Jessie McDonald began tutoring Chinese immigrants in Vancouver when she was just seven years old. In her mid-twenties (in 1913), she sailed for China to serve with China Inland Mission as a surgeon; she worked there faithfully until 1951, when the Communists forced her to leave.
The legacy of ‘Jessie Mac’ – and others like her – will be explored and celebrated at two events this week.
Early Chinese Canadian Christian History
Joyce Chan (director of the North American Chinese Ministries Program at Carey Theological College) will launch an exhibition and a book (Rediscover the Fading Memories) about ‘Early Chinese Canadian Christian History’ Thursday (October 17) at Carey Centre on the UBC campus.
Chan points out that while many aspects of Chinese-Canadian history, such as Chinese labourers and the building of the Canadian Pacific Railway, the head tax and racial discrimination, have received quite a lot of attention, “more Chinese Canadian Christian stories need to be recovered in order to illustrate the social dynamic of religious life affecting Chinese Canadians in the early days.”
The Christian church, though primarily a ‘white’ institution in the late 19th and early 20th centuries, “went against the predominant social ethos and touched thousands of lives of Chinese immigrants and their children, primarily through education.”
Churches aspired “to integrate . . . the ‘Orientals’ into Canadian society, to make them good citizens of the kingdom in heaven and on earth, and to ‘civilize’ them through the ethics of the Western church.
“As a result, many Chinese immigrants and their children who had been denied their rights to be educated and to practice as professionals, received opportunities to break through the stereotypic fate as labourers.”
Chan’s project explores how the ministry of the church opened up opportunities for Chinese immigrants to receive quality education, to move beyond their social confinement and integrate into Canadian society.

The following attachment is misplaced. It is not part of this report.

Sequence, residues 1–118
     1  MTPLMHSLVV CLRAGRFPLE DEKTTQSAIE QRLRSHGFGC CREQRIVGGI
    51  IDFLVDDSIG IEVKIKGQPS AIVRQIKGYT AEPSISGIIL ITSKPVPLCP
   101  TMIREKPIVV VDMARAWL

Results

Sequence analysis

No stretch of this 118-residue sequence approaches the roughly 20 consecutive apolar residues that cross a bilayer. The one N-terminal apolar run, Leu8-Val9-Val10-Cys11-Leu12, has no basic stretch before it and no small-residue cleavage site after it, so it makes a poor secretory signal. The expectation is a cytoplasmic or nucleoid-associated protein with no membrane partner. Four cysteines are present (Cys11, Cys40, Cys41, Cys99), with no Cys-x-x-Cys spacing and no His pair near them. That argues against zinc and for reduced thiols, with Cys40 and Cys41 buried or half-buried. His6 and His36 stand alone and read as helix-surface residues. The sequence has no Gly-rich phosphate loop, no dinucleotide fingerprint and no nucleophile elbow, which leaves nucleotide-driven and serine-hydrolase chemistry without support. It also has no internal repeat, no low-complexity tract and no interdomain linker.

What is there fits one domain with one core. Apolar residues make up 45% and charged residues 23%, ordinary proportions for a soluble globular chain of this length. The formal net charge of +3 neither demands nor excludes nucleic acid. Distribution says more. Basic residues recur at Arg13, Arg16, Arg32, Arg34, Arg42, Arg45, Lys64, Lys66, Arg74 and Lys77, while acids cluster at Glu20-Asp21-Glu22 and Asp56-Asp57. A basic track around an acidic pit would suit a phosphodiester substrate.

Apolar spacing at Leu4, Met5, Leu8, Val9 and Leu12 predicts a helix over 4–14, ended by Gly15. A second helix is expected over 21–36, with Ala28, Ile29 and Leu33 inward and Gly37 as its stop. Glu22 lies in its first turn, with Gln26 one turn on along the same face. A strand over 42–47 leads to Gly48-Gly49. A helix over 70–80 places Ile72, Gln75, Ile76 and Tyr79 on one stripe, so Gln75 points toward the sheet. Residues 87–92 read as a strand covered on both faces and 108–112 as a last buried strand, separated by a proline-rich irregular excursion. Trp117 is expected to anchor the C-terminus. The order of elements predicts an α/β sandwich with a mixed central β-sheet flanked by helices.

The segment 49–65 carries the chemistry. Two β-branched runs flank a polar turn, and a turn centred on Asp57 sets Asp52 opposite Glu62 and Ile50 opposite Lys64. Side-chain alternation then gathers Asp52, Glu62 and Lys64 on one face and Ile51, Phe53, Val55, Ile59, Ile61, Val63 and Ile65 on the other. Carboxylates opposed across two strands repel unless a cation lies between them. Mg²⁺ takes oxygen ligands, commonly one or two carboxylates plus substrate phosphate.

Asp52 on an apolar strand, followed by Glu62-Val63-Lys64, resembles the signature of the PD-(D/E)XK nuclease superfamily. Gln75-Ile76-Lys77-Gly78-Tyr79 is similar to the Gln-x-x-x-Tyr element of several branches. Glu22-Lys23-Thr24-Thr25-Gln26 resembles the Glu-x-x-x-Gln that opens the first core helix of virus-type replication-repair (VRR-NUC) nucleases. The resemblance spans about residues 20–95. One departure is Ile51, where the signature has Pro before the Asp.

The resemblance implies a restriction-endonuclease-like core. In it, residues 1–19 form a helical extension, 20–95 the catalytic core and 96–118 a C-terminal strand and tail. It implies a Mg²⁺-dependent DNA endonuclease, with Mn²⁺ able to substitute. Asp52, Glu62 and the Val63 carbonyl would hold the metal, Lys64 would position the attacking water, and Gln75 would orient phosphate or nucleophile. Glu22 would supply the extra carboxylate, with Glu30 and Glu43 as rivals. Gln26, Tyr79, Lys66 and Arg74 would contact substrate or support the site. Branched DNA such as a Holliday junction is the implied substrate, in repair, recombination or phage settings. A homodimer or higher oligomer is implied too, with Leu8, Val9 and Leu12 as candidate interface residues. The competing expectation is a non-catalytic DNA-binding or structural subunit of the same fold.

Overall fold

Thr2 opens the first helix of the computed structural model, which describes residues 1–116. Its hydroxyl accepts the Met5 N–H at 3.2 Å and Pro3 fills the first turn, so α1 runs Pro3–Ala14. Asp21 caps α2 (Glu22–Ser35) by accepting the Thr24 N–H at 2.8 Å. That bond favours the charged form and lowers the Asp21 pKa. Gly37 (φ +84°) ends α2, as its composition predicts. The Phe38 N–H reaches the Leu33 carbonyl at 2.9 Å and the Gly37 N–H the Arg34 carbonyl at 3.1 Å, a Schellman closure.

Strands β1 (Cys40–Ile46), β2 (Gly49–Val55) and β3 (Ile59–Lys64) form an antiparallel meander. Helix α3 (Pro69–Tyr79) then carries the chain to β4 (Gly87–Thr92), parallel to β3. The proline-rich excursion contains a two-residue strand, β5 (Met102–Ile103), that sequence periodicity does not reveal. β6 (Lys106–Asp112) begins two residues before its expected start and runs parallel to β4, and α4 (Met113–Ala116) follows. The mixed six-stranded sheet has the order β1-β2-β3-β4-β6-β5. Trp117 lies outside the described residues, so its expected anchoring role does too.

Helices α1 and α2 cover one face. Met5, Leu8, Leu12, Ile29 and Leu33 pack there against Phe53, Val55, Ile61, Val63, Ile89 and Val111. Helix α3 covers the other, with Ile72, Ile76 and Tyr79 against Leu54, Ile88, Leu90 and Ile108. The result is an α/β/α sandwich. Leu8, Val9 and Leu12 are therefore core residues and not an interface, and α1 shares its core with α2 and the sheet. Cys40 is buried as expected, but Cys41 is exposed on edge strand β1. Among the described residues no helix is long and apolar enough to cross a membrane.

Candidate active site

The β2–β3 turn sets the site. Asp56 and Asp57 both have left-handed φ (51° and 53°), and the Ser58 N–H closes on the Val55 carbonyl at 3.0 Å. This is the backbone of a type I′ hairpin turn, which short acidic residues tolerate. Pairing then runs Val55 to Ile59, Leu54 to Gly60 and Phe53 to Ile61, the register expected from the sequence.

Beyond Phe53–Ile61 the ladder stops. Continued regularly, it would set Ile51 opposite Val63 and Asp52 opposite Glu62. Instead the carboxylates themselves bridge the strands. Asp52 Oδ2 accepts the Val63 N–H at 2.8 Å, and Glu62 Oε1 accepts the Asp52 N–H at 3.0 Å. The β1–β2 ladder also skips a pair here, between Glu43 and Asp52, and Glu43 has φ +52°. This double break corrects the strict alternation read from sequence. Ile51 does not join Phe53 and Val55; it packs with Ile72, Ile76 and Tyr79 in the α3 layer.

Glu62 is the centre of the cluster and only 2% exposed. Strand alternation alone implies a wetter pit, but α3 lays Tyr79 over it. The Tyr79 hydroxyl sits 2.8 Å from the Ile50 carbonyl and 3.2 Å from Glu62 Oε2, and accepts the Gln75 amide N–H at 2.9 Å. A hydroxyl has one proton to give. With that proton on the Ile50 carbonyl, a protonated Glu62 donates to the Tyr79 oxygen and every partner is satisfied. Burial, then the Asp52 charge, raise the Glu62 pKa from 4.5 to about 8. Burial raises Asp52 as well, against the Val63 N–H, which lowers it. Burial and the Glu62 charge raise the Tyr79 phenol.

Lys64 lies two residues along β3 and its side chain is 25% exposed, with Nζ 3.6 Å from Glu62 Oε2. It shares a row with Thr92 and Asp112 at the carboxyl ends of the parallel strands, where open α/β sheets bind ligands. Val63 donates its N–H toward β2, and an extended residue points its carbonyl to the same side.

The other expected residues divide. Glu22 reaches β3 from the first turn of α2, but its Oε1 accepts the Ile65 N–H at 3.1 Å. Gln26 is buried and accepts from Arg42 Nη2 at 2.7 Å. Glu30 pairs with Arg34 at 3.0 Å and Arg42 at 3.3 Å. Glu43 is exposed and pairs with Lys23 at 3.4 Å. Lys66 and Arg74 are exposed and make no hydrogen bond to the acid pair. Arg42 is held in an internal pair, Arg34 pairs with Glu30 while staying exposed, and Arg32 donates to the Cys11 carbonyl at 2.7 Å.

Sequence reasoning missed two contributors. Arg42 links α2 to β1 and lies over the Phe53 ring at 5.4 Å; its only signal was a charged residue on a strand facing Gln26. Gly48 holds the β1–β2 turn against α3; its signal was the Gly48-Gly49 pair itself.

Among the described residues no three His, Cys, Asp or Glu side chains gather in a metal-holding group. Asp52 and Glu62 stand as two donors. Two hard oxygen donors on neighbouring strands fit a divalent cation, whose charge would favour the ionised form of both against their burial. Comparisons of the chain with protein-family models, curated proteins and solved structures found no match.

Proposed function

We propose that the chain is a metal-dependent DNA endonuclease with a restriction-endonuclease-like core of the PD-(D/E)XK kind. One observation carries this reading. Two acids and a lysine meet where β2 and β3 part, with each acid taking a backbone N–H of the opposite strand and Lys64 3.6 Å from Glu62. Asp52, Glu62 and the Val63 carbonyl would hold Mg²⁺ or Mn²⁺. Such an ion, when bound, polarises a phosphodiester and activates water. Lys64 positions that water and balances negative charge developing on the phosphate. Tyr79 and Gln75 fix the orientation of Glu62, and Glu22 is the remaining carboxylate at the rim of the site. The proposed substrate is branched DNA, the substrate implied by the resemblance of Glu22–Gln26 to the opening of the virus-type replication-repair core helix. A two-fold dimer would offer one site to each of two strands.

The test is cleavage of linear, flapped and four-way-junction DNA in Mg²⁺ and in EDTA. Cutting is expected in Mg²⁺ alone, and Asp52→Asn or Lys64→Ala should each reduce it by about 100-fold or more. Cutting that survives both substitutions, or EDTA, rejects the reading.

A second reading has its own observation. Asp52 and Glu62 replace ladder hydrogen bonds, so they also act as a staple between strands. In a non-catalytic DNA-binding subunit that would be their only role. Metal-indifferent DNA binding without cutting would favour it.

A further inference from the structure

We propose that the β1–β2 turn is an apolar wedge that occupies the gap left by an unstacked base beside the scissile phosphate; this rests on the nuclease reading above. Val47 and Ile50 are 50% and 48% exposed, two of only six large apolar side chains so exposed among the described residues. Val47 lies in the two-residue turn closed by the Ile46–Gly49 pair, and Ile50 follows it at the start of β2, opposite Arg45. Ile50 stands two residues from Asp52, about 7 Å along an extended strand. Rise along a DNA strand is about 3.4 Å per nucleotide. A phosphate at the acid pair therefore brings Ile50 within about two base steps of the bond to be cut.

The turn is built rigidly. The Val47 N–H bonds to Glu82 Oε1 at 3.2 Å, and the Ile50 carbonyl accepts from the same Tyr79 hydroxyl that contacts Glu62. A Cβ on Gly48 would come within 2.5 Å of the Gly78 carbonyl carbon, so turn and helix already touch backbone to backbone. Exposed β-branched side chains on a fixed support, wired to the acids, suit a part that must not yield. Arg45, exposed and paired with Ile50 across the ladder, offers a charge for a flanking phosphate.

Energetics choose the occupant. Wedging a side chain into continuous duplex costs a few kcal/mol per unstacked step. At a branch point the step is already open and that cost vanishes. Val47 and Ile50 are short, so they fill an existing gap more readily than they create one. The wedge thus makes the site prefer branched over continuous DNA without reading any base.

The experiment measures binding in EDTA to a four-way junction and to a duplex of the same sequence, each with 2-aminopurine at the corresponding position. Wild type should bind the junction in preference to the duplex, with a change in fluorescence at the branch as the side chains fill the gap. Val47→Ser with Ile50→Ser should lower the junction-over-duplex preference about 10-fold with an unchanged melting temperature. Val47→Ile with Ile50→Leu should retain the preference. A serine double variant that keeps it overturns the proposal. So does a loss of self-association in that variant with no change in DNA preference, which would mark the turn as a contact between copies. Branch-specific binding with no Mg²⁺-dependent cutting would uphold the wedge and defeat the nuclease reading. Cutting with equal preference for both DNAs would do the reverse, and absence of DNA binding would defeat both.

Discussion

The exhibition will run until November 15.
Overseas Missionary Fellowship (OMF) began as China Inland Mission in the mid-19th century. The name change reflects the fact that the mission’s work now takes place over a far wider area. And a free conference this Saturday (October 19) will underline that point.
Jonathan Fuller will be the keynote speaker at ‘A Heart for Asia.’ Raised in the Philippines, where his parents served with OMF, he worked for the past eight years in Singapore as OMF’s international director of mobilization and has just been named as national director of OMF Canada.
Fuller wrote Cross Currents to help break down the barriers of fear and mistrust between Muslims and Christians in the Philippines. Weaving personal stories of Filipino Muslims and Christians into a basic history of Islam and its encounter with Christianity in the Philippines, he urges the reader to see God’s sovereignty in the process.
Other missionaries will share stories from the field as well.
The conference will take place at Vancouver Chinese Evangelical Free Church, 9:30 am – 3 pm (a light lunch will be provided). RSVP to Caroline at firstname.lastname@example.org or 604.278.1208604.278.1208.
How Christianity took root in China
For more on Jessie Mac, and a book by a prominent (non-Christian) human rights activist and writer on the early days of OMF/CIM, see Chinese human rights writer inspired by ‘heroic Christians.’